The most personal thing for me about Let’s Do It World! and World Cleanup Day as a whole is the number of women in decision making positions. Society speaks much about positive action and the need for women empowerment. This is one of the few organisations where I have seen that is actually put into practice and I am happy to be part of it.

My first task as the country coordinator for Let’s Do It! Kenya was to test out the mapping app. Being able to contribute ideas and give feedback about the app and eventually see the final product, the World Clean Up app, was a wholesome experience. It was a really exciting task as I felt part of this insider crew that was working on this huge secret that would change the world! Consequently, I have become more confident and I always encourage other young women to take the challenges, attend meetings and speak out. Though, it’s not been a smooth sail for me either. As a woman in leading position there is a tendency for people to question your competence and comparing to the male counterparts they take any misstep for a quick generalisation and use it as an argument against women being in leadership positions. My best defence on such occasions has always been my work which speaks for itself.

As to volunteering and running cleaning actions, what has been the most difficult?
At first I was afraid we would not have volunteers, but thanks to the LDI website and our social media activity, we have been able to pull crowds. Many of the volunteers we work with are those who have already read about LDI and WCD online and understand the rationale of why they need to be involved.

The difficult part is also not having a budget. As World Cleanup Day approaches, being a coordinator is a full time job, yet you need to pay your personal bills. As I understand, some of the countries have been in the movement for a while so they have found sponsors, but for those who are doing it for the first time, it can be tricky.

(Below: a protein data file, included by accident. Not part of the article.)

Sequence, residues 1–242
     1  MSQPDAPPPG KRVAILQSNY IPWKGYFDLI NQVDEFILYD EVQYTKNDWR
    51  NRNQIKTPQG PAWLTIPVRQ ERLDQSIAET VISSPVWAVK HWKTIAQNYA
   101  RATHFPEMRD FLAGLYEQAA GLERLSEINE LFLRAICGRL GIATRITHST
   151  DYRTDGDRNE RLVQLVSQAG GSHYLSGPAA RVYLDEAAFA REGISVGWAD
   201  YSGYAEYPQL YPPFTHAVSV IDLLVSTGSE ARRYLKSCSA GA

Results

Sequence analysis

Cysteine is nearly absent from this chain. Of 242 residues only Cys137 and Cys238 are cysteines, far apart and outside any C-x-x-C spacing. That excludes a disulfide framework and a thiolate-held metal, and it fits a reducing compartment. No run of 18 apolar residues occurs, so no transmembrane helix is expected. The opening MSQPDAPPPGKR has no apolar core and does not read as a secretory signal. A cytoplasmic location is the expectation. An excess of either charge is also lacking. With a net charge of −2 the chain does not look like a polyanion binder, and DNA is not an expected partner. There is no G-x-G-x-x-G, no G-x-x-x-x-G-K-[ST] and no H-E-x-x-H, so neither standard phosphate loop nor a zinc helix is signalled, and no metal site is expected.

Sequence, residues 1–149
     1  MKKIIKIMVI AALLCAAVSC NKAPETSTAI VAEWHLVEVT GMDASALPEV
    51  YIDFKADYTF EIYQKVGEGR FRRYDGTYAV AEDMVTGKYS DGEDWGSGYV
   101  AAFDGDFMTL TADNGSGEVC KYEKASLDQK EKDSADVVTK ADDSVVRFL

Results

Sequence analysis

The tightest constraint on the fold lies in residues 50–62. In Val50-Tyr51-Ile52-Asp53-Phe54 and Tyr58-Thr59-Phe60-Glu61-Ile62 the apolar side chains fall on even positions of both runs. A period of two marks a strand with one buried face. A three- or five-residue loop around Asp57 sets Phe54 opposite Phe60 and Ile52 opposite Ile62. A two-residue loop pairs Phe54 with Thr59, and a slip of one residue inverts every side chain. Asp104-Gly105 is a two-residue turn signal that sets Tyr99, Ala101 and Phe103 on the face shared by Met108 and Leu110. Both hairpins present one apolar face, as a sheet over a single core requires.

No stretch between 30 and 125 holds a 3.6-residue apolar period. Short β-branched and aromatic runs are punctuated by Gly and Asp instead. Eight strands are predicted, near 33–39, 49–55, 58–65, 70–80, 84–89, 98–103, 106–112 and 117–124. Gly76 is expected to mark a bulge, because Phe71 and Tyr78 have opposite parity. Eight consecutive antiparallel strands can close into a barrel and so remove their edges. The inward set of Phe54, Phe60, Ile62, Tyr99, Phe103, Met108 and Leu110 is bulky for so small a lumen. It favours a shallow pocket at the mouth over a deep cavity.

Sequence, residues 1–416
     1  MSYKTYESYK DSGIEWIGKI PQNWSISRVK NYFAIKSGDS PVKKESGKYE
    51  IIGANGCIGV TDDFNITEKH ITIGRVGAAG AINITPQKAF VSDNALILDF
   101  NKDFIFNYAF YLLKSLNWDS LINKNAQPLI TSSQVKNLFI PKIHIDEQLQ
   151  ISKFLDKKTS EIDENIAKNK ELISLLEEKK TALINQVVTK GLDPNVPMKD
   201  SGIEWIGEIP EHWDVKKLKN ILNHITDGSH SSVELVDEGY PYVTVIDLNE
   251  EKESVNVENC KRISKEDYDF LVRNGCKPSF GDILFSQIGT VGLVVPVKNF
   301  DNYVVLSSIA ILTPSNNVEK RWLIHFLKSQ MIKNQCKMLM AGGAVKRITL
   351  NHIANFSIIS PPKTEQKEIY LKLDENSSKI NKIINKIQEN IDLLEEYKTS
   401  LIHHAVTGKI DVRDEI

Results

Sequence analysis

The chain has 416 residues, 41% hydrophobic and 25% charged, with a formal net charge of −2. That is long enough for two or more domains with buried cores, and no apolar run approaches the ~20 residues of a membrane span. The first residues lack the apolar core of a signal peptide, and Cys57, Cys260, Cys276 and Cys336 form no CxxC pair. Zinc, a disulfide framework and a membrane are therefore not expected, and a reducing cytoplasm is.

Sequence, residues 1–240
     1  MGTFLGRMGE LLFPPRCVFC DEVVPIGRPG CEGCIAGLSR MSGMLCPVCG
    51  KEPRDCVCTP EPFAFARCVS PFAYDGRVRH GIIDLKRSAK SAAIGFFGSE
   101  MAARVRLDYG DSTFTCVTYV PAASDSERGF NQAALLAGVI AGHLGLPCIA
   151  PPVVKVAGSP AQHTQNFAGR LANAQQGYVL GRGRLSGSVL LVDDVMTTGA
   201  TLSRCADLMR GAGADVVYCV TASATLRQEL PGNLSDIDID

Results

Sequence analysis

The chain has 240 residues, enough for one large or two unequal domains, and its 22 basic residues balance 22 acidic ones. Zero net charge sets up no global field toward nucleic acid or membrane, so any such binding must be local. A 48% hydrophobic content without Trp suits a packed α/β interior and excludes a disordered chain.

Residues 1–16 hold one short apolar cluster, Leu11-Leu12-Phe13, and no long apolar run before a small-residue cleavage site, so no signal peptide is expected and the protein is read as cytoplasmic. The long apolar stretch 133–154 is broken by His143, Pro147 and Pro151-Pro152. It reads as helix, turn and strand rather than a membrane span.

What gives you strength doing it all? Who supports you?
I love the whole idea of technology solving everyday problems. That is why I believe in the movement. The idea of mapping garbage waste points is very dear to me – I can feel how the world moves towards automation and blockchain technology. At that stage we cannot afford leaving the environment behind.

My support is my closest team of six core members, Valentine Kichwen, Oscar Wanjala, Caroline Boraya, Ashley Diana, Alfred Sigo and John Miano, who have been there since the very beginning, when we did our pilot mapping, and who are always available to attend meetings, manage our social media, design graphics, coordinate clean-ups and mapping activities. Knowing that I don’t have to do everything, and I have a supportive team gives me strength. I know I can always count on them to get things done, even when I am not available.

As to the pilot mapping, I heard that you had some problems with taking pictures then. How is the situation now?
When we did our first mapping, we ran into trouble with authorities because taking pictures that time had been banned within the city centre after a wave of terrorist attacks. We have since learnt to always ensure we have permits before we do any activity.

Also, 2017 was a bad year for us. We had elections and a run-off. Because of the reported cases of violence during the elections in various parts of country we had a real difficult time to mobilise people for clean-ups or mapping. Things have stabilised now politically and we are all ready for World Cleanup Day.

What’s next?
Our biggest priority after the 15th of September will be building a financially sustainable organisation. We intend to do that by documenting our activities and sharing our results with partners. I believe showcasing our success and lessons learnt over the past year will go a long way in helping us to attract investors and sponsors.

What kind of impact have all those activities had on you?
I have been nominated for two awards. Even though I did not win eventually, it is a big deal knowing that your work is being recognised. I have also been invited to speak at conferences, the most recent is the upcoming International Volunteer Conference by IAVE in Augsburg Germany where I will be sharing how with engaging volunteers we have mapped and cleaned Kenya. I am also thinking of going back to school for my PHD… I intend to delve more into matters of environment and in particular, how technology can help raising awareness and saving our mother nature.

Esme Kassak